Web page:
This article seeks to recast the break-up of the British Empire in the light of the longer duel between settler and native, or so-called dependent, interests over the legitimate nature of British connection. It starts from two premises. First, although “Greater Britain” was never a formal political reality, the historical construct of a homogeneous global Anglo-Saxondom attained widespread credibility in late nineteenth century British settler and Anglo-American worlds. Second, such a fact demands an examination of “Greater Britain’s” real work within the fractious politics of the vast, multipolar late British Empire. This article explains why, after 1880, public intellectuals and emerging academic historians working from Britain divided the British Empire into two parts temporally and politically and championed the self-governing colonies at the expense of the non-white, authoritarian empire. It locates an emerging moral consensus at the confluence of late Victorian policy lobbying and historical theorizing, which not only gave the world Greater Britain, but also the exclusionary policies that scholars recognize today as the global color line. It then explores the emergence of a pitched contest between proponents of an increasingly segregated British Empire and those of a more integrated and equal system. While both camps initially staked their claims as part of a broad, multisited, and contested Anglophone network that trafficked in a shared political idiom of liberty, rights, and constitutional development, the repeated betrayal of integrationists by the imperial center opened the way for more radical anticolonial activisms by the 1920s.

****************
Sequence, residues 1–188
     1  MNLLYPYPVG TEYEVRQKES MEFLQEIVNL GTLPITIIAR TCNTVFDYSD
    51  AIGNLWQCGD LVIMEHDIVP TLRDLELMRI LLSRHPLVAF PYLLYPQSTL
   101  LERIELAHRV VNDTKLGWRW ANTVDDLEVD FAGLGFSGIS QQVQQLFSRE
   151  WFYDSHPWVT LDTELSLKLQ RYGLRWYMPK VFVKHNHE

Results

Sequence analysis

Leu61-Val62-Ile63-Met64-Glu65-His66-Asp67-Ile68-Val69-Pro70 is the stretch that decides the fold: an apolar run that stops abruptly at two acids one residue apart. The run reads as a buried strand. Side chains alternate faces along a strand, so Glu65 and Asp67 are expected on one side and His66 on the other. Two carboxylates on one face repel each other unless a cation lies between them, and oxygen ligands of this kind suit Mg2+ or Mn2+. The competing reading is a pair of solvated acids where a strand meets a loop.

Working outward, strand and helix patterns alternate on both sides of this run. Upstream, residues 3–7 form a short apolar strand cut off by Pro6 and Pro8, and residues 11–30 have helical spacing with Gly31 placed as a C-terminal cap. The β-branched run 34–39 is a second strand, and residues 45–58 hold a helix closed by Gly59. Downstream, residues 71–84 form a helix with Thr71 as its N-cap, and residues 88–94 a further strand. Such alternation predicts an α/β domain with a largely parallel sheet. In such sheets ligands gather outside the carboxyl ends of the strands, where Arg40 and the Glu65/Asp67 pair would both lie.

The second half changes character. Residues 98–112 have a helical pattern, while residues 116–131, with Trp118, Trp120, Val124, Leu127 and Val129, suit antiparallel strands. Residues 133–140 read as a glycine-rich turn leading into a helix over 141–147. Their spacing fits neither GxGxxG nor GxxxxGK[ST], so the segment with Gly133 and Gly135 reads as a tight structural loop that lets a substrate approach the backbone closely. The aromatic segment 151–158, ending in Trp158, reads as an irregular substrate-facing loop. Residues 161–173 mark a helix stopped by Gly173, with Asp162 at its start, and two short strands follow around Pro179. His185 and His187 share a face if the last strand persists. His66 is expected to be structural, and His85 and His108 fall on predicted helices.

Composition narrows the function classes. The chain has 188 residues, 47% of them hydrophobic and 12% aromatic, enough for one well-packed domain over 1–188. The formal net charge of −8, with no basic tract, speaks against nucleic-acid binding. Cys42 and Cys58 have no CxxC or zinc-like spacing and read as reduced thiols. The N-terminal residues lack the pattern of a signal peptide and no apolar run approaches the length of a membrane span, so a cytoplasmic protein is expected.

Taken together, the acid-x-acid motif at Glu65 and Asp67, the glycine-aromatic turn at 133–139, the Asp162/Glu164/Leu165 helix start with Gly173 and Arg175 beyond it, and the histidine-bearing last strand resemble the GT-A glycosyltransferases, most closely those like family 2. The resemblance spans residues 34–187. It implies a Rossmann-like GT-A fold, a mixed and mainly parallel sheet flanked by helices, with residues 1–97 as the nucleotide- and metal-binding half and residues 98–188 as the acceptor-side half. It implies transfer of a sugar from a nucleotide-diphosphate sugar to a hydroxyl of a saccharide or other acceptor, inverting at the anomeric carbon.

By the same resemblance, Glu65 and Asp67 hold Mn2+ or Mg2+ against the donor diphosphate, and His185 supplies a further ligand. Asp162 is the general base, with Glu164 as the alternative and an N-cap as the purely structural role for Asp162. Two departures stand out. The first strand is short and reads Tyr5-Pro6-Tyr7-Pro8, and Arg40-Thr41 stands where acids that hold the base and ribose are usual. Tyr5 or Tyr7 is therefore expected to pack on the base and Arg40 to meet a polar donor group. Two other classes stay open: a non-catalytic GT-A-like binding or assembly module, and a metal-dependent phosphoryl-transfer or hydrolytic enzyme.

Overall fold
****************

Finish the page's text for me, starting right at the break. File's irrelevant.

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pp. 785-813
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